It has been a year since The Practice of Groundedness was first released, and well over two years since I finished writing the book. Much has happened since. COVID-19 went from being a novel virus to a full-blown pandemic, dramatically altering our way of life. Democratic backslide has proliferated in the western world, perhaps most notably in my home country, America, where, following the 2020 election, the government was mere inches away from being toppled. For the first time since the 1940s, full-scale war has broken out on the European Continent. Inflation in America is the highest on record in over four decades. A few months back, in the middle of summer, the entire globe experienced record-high temperatures, leaving plenty of human and economic suffering in its wake.
The above events are complex and multifactorial. Yet, I can’t help but think that what in the book I called Heroic Individualism is playing at least a small part, and that working toward groundedness offers a path to meaningful progress.
What follows is a look at the book one-year later, with a focus on societal problems and ideas for addressing them.
First, a quick refresher. Heroic individualism, the main problem I identified in the book, is an ongoing game of one-upmanship against both self and others, where measurable achievement is the main arbiter of success; self-worth and productivity often get prioritized over people; and short-term thinking reins. Regardless of how far you make it, with heroic individualism the goalpost is always ten yards down the field. Try as you might, you never quite arrive. Heroic individualism says that you will never have enough, be enough, or do enough. It is an endless gauntlet of more, more, more. While heroic individualism may lead to decent short-term performance, long-term, it is a recipe for disaster. This is because fulfillment, health, and excellence depend on things that are inherently inefficient and unproductive, at least based on heroic individualism’s acute timescales and financial metrics.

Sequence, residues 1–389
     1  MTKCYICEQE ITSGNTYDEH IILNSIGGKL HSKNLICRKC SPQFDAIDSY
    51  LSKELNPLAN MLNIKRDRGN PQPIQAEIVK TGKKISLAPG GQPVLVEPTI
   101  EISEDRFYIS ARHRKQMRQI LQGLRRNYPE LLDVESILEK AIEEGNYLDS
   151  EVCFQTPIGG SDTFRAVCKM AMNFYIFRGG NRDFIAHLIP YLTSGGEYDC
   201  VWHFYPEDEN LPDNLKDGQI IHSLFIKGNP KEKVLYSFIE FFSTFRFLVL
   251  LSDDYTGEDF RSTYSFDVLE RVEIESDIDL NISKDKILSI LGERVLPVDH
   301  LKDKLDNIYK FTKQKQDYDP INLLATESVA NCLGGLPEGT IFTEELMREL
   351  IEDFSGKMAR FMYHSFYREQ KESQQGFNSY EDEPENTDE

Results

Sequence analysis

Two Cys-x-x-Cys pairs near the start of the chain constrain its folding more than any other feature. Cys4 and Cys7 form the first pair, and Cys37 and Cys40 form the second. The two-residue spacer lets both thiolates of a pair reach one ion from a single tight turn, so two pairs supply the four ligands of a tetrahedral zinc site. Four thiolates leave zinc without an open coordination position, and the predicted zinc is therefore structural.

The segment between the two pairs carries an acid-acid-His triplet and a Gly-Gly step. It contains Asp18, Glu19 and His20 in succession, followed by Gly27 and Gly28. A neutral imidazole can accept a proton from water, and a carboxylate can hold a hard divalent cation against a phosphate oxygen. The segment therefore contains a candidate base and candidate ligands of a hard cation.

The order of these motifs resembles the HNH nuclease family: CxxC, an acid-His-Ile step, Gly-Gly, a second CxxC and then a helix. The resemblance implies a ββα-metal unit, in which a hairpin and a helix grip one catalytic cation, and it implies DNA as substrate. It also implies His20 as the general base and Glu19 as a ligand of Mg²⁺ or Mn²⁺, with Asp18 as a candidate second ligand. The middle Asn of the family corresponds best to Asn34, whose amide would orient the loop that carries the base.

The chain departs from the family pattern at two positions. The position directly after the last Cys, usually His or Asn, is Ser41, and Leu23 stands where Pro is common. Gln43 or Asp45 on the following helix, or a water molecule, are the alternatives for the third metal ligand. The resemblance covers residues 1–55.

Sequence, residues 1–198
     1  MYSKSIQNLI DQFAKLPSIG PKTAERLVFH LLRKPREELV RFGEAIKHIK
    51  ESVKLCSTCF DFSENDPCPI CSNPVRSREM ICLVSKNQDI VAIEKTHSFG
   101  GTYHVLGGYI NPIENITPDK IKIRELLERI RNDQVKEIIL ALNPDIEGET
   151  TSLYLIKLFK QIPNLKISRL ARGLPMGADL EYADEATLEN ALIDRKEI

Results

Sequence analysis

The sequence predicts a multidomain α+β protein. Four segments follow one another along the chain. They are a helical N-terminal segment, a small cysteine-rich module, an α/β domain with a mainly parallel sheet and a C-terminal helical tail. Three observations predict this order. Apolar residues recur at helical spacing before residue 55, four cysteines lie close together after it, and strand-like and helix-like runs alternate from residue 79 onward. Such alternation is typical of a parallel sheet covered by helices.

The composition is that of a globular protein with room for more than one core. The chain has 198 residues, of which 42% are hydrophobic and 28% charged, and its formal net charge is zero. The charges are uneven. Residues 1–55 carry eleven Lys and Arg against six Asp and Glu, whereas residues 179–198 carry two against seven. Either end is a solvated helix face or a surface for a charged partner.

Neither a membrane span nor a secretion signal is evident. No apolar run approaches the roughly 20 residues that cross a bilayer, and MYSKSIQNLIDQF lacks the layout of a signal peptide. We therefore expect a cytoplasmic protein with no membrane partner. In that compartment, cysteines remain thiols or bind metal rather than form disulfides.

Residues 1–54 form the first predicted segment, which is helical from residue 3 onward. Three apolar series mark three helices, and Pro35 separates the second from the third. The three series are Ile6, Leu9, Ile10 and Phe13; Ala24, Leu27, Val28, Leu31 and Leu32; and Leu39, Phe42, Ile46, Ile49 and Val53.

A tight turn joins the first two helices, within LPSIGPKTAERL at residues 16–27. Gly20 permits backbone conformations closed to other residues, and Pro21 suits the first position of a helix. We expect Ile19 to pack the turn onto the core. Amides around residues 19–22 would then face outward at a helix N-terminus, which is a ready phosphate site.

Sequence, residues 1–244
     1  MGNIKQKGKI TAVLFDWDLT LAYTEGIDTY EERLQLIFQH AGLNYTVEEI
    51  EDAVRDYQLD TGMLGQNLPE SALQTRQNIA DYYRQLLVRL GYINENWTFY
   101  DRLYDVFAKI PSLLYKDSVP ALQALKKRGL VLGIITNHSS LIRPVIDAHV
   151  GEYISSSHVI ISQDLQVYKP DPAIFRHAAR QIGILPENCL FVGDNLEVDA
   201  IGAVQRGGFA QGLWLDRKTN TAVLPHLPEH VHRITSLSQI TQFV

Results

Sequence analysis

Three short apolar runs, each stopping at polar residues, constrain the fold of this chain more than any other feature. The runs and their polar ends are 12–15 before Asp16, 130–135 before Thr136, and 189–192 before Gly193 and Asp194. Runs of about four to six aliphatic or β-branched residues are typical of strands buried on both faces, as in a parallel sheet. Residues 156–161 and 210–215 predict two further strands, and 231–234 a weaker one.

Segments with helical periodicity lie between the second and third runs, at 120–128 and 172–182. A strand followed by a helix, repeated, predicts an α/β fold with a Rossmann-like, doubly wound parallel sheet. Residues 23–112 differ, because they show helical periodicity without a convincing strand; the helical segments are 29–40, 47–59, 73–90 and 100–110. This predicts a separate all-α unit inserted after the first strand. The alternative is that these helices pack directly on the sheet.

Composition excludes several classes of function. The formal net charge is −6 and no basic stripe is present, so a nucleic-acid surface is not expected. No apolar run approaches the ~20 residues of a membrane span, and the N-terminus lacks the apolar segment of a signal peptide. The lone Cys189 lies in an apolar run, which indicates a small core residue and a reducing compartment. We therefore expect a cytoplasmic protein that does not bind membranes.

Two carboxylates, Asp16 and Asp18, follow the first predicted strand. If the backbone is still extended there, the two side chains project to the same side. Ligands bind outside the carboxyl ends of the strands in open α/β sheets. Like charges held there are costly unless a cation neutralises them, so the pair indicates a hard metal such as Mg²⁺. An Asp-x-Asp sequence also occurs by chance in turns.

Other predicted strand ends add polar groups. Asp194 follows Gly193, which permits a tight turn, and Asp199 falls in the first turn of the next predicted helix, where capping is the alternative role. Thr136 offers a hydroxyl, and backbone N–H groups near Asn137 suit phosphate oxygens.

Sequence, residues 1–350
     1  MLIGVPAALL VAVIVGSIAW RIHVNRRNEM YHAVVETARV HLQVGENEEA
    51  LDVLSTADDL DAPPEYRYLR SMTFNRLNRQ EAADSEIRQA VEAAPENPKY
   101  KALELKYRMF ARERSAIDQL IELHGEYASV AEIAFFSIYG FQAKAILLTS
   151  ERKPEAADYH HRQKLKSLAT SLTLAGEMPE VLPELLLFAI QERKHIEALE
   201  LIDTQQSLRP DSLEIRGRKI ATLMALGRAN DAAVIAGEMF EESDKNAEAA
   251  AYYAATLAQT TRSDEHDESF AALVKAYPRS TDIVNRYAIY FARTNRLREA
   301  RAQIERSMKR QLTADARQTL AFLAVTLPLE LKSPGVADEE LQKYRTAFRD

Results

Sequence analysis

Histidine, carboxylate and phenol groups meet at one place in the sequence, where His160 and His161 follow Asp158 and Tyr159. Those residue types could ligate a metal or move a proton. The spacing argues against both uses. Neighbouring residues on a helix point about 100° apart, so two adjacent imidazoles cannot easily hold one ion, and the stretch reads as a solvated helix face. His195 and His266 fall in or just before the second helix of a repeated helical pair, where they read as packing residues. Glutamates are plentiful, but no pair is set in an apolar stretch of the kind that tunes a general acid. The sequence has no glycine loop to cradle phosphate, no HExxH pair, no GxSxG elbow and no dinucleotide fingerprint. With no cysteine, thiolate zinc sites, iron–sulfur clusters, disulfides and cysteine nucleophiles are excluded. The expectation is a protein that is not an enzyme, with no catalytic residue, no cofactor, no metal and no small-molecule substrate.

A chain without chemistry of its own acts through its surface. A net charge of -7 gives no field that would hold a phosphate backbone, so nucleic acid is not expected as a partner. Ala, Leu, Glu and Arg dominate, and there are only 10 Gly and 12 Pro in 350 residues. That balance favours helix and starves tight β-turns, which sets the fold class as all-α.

From 2017 to 2021, I interviewed hundreds of people and reviewed thousands of scientific papers. In defining heroic individualism, I came up with the following signs and symptoms:
- Low-level anxiety and a sensation of always being rushed or in a hurry—if not physically, then mentally.
- A sense that your life is swirling frenetic energy, as if you’re being pushed and pulled from one thing to the next.
- A recurring intuition that something isn’t quite right, but unsure what that something is, let alone what to do about it.
- Not always wanting to be on, but struggling to turn it off, and not feeling good when you do.
- Feeling too busy, but also restless when you have open time and space.
- Easily distractible and unable to focus; struggling to sit in silence without reaching for your phone.
- Wanting to find some inner calm and peace but not knowing how.
- Lonely or empty inside.
- Successful by conventional standards, yet feeling like you’re never enough.
In chapter one of Groundedness, I wrote about a concept in ancient eastern psychology known as the hungry ghost. The hungry ghost has an endless stomach. He keeps on eating, stuffing himself sick, but he never feels full. He lives a bloated and miserable life. Back then, it was considered a severe disorder. Yet the modern world that so many of us inhabit today depends on the creation of hungry ghosts.
While in the book I focused mainly on how heroic individualism affects individuals and organizations, I now see many examples of how it is affecting society as a whole. Our culture is increasingly becoming one big hungry ghost, the consequences of which are damning.
People are perhaps less grounded than ever, increasingly alienated from each other and from themselves. We are plagued by rampant busyness and hustle, so obsessed with acute productivity that we neglect to nurture intimate relationships. We are constantly being pinged, buzzed, and pulled this way and that by our digital devices—disrupting periods of full engagement in work and leisure.
Connection over the internet, while valuable, is not the same as belonging to your local community. More and more of our downtime is filled not by thinking, mind-wandering, or reading but by chasing dopamine, scrolling feeds filled with click-bait headlines; junk marketing; and the performative perfect lives of people whose actual lives tend not to be so perfect.
Most of what we consume we have no idea where it came from or how it was made. And, for many people, we are equally disconnected from what we produce or any tangible benefit of it. The work of anthropologist David Graeber found that over 40 percent of all jobs in the developed economy are what he termed “bullshit,” meaning they provide no value to anyone, including the person doing them.